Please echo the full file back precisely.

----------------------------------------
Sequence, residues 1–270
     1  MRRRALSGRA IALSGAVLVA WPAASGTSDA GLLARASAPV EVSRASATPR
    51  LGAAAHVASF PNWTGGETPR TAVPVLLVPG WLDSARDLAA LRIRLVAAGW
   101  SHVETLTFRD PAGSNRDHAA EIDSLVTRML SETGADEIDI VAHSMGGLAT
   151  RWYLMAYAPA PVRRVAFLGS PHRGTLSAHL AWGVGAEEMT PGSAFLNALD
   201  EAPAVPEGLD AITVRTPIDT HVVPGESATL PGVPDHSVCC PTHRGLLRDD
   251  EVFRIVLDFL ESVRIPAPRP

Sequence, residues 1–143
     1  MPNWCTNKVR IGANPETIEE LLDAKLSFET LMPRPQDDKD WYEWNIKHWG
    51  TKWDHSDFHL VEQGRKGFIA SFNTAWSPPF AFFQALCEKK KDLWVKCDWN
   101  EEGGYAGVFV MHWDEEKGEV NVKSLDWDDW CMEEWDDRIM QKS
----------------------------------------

Sequence, residues 1–270
     1  MRRRALSGRA IALSGAVLVA WPAASGTSDA GLLARASAPV EVSRASATPR
    51  LGAAAHVASF PNWTGGETPR TAVPVLLVPG WLDSARDLAA LRIRLVAAGW
   101  SHVETLTFRD PAGSNRDHAA EIDSLVTRML SETGADEIDI VAHSMGGLAT
   151  RWYLMAYAPA PVRRVAFLGS PHRGTLSAHL AWGVGAEEMT PGSAFLNALD
   201  EAPAVPEGLD AITVRTPIDT HVVPGESATL PGVPDHSVCC PTHRGLLRDD
   251  EVFRIVLDFL ESVRIPAPRP

Sequence, residues 1–143
     1  MPNWCTNKVR IGANPETIEE LLDAKLSFET LMPRPQDDKD WYEWNIKHWG
    51  TKWDHSDFHL VEQGRKGFIA SFNTAWSPPF AFFQALCEKK KDLWVKCDWN
   101  EEGGYAGVFV MHWDEEKGEV NVKSLDWDDW CMEEWDDRIM QKS